Some Democrats quietly express puzzlement that, after two weeks of damning testimony, public opinion on impeachment hasn’t shifted.
But the real wonder is why anybody ever thought it would.
Though state-by-state results vary, support for impeachment and removal of President Donald Trump nationwide now averages 47 percent for, 42 percent against; in October, it was 48 percent for, 45 percent against. It’s not “dropping like a rock” as Trump claimed Monday in a typical fabrication, but it’s not growing, either, because Republicans stand faithfully with Trump.
Why? I give you evangelist Franklin Graham, son of the late Rev. Billy Graham.
On a radio podcast last week — on the same day Gordon Sondland confirmed Trump’s quid pro quo with Ukraine — Graham said those who oppose Trump are “almost a demonic power.” After the host corrected him by saying those who oppose Trump actually are a demonic power, Graham concurred that “it’s a spiritual battle.”
The two went on to agree that it’s a “fact, not our opinion” that “literally three years ago our economy was dead in the water” but is now “just screaming forward.” In actual fact, the economy grew at 1.9 percent in the third quarter of 2019 versus 2.2 percent three years ago.
But if politics is a spiritual battle between God and demons from hell, who cares what statistics from the Commerce Department say — or what any of the impeachment witnesses say?
On Fox News on Sunday, Energy Secretary Rick Perry reported that he told Trump he was God’s choice: “I said, ‘Mr. President, I know there are people that say you said you were the chosen one and I said, ‘You were.’”
Who but a demon could vote to impeach God’s chosen one?
The surest way to make a climate-change denier even more aggressive in his denial is to present him with more science. Likewise, presenting Trump supporters with evidence of Trump’s wrongdoing only makes them more defiant of the demons doing the presenting. Scream about the facts and the damage done by ignoring them until you’re blue in the face (I do), but it makes no difference.
Consider the attempt by Vladimir Putin’s government to frame Ukraine for Russia’s interference in the 2016 U.S. election. Fiona Hill, who was a Russia expert in the National Security Council, told lawmakers that preaching this “fictional narrative” was doing Russia’s bidding.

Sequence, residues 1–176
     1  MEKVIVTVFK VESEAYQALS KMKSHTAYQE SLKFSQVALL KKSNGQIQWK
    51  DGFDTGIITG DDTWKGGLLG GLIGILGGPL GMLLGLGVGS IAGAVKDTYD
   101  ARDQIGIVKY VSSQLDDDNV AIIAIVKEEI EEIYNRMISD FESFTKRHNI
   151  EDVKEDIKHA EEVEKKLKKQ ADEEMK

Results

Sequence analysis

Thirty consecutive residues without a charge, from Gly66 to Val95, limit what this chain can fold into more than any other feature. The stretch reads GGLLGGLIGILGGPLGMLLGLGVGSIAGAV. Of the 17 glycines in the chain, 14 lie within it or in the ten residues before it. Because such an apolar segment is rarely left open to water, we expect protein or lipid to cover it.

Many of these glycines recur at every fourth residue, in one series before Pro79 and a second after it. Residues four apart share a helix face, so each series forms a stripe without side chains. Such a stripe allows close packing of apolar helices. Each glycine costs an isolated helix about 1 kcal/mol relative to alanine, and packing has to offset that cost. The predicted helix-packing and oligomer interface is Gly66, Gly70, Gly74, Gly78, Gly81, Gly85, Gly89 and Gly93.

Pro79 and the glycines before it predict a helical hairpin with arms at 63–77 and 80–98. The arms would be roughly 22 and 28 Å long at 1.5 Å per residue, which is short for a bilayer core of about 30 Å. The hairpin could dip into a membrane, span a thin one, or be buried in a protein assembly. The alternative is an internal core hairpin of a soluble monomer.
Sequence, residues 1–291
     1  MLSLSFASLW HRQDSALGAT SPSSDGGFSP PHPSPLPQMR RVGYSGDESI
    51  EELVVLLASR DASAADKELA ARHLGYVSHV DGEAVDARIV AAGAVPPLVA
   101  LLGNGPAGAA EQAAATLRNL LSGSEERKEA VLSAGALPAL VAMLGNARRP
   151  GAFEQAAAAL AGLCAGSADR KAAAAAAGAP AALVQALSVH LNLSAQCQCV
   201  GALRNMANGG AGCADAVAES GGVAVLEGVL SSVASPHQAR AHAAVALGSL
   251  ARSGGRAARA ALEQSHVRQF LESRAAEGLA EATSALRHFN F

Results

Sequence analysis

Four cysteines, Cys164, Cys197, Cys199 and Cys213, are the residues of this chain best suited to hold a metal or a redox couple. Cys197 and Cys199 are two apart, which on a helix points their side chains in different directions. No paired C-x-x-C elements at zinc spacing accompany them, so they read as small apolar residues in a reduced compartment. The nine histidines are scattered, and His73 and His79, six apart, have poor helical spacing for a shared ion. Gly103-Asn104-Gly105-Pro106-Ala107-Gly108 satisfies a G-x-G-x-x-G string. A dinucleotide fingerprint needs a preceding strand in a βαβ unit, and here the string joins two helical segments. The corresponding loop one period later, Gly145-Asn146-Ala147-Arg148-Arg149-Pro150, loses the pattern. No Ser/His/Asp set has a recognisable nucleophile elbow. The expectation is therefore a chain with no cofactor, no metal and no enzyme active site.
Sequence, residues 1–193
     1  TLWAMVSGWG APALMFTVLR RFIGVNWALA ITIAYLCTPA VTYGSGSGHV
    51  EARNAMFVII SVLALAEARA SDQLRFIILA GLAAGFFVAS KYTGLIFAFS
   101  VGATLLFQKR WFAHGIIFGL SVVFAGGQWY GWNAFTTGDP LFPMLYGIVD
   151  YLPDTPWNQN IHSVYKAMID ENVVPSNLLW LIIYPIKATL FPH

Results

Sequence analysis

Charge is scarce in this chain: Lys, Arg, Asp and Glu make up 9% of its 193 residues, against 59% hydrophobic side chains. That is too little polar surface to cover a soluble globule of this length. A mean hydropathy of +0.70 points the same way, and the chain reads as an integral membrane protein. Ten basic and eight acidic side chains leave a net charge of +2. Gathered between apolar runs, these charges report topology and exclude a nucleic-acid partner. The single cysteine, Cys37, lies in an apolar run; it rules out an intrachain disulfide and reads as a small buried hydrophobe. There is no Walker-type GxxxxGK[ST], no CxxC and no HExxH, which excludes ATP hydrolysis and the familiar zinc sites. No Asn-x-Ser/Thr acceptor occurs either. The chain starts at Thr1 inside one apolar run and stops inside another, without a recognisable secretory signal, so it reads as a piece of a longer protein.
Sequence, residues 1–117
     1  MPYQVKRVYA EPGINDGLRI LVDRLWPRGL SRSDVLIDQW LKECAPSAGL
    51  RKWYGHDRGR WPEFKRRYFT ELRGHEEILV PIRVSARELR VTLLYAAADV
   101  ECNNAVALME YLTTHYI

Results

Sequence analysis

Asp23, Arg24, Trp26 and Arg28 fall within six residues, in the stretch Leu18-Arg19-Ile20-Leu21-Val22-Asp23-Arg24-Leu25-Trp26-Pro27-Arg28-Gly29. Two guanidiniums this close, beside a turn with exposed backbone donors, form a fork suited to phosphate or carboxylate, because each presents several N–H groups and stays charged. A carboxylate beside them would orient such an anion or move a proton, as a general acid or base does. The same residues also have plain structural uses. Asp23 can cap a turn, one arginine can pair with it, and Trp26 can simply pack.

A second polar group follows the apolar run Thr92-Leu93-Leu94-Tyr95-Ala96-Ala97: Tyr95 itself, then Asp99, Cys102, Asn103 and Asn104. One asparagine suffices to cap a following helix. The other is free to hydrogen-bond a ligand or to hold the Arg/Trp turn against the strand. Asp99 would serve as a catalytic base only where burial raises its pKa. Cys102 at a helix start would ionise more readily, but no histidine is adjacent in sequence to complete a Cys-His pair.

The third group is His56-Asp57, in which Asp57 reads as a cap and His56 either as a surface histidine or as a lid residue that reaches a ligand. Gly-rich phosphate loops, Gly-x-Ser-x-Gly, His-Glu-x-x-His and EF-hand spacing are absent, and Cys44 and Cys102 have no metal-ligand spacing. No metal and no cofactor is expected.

Trump responded by reaffirming support for the fiction, telling Fox News that “word is” Ukraine was to blame. Also on Fox News, Sen. John Neely Kennedy, R-Louisiana, rejected the intelligence community’s blaming of Russia, saying “it could also be Ukraine.” He called Hill’s statement blaming Russia “her opinion.”
It’s no accident that Perry, Trump and Kennedy all made their claims on Fox News — the exclusive purveyor of news to Republican voters. Fox News’ biggest star, Sean Hannity, assured listeners on his radio show that the Sondland testimony “just couldn’t go any better” for Trump, and he pronounced impeachment “over!”
Helping Hannity make such assertions is Trump’s so-far successful blocking of the release of any documents on the matter, in defiance of subpoenas. Among the documents that might tell a different story: a White House report, identified by The Washington Post on Sunday, regarding attempts to “generate an after-the-fact justification” for Trump’s actions and to justify the legality of what he did.
For all Trump’s falsehoods, his claim that he could shoot somebody on Fifth Avenue with impunity continues to be proved true. Last week, he betrayed democracy activists in China and those trying to protect children from tobacco — with little blowback. In the impeachment battle, former national security adviser John Bolton refuses to testify even as he brags about how much relevant information he has, while Sen. Lindsey Graham, R-South Carolina, betrays his longtime friendship with Joe Biden to defend Trump’s use of his office to target political opponents.
Now Trump has intervened — again without pushback from Republicans — to make sure there is no punishment for a Navy SEAL convicted of posing with the corpse of a teenage Islamic State fighter. Navy Secretary Richard Spencer, admirably, objected — and was forced to resign.
“I no longer share the same understanding with the Commander in Chief who appointed me, in regards to the key principle of good order and discipline,” Spencer wrote. “I cannot in good conscience obey an order that I believe violates the sacred oath I took in the presence of my family, my flag and my faith to support and defend the Constitution of the United States.”
“My flag and my faith”: A beautiful phrase — and a vanishingly rare sentiment in the age of Trump. Now, love of flag means lionizing a war criminal, and faith ordains that those who expose Trump’s wrongdoing are monsters from the pits of hell.
Dana Milbank is a columnist for The Washington Post. Follow him on Twitter: @Milbank.